Hogan says that he spoke with Dixie Carter and they've agreed to create a new position in the company. He offers AJ the job of TNA Commissioner; a position that would essentially give him power in the company equal to Hogan's. AJ respectfully turns down the offer. He says maybe someday when he decides to hang up his boots, but first and foremost he's a wrestler and the TNA world champion, and his place is in the ring. Instead, he suggests that Sting become Commissioner, saying he can't think of a better person for the job. Sting accepts.

So with the angle finally concluded now, the slate is clean and TNA is free to move forward with a different status quo. Hogan and Sting run the show together, but both have now realized that they simply can't do things the way they used to anymore. They can't be the heroes that are always going to bail TNA out of a crisis because with AJ Styles as their chosen successor (for lack of a better word), they don't have to be anymore. That role is AJ's now. Hogan and Sting can still be a part of the show, they can be the shield, but AJ Styles is the sword.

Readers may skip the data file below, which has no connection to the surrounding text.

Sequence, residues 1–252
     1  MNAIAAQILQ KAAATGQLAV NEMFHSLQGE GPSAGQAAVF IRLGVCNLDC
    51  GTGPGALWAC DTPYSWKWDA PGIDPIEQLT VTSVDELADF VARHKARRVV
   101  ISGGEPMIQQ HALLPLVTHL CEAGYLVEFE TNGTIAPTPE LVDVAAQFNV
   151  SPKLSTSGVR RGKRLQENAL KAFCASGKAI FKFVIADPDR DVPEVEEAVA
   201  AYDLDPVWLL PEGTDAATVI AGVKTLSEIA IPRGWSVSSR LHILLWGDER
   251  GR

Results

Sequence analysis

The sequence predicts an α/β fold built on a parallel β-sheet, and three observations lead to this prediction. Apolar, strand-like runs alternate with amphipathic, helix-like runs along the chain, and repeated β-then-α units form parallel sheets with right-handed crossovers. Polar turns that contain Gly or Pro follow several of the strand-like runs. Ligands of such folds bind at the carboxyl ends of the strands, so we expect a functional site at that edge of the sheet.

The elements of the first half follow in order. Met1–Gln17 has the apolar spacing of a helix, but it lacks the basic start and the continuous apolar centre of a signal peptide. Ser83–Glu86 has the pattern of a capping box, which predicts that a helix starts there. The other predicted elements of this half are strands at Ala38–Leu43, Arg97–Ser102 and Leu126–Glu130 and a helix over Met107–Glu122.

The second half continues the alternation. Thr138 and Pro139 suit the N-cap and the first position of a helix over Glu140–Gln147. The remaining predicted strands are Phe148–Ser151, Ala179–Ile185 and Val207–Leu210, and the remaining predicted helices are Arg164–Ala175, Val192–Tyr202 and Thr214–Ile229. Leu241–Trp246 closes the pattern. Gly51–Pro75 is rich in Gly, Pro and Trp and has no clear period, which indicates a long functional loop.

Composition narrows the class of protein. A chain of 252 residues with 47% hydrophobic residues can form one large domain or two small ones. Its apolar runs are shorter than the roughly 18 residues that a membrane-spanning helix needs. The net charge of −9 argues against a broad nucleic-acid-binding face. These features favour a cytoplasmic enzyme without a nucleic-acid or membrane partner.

If this was executed properly, hopefully it would have elevated AJ Styles enough so that he could be perceived as being on the same level as Hogan and Sting without really undermining either of them. They would be shown to be fallible, yes, but that can make a character a lot more interesting (something TNA often forgets when it comes to these guys).

So with the status quo now being Hulk Hogan, Sting and AJ Styles as the three power players in the company, with Hogan and Sting running the show, keeping each other in check, but staying out of the ring, and AJ being the guy they've entrusted with the responsibility of protecting TNA from whatever threats (either internal or external) that might pop up -- the role Sting used to fill far too often -- the company if free to move forward creatively and look to the future (see what I did there?), no longer hampered by this short-sighted notion that simply shoving the two aging legends down the audience's throats time and time again is the answer to all the TNA's problems.

It's not longer all about the Icon and the Immortal One. There's a third point to this triangle now: the Phenomenal One.

Peace. Out.

1 comment:

Raven red said...

I think that this angle was good in the begining but by the end of it it turned into a clusterfuck, I understand what your'e trying to do here but I think that the last thing that TNA needs right is more story line involving factions fighting for the balance of power of the company.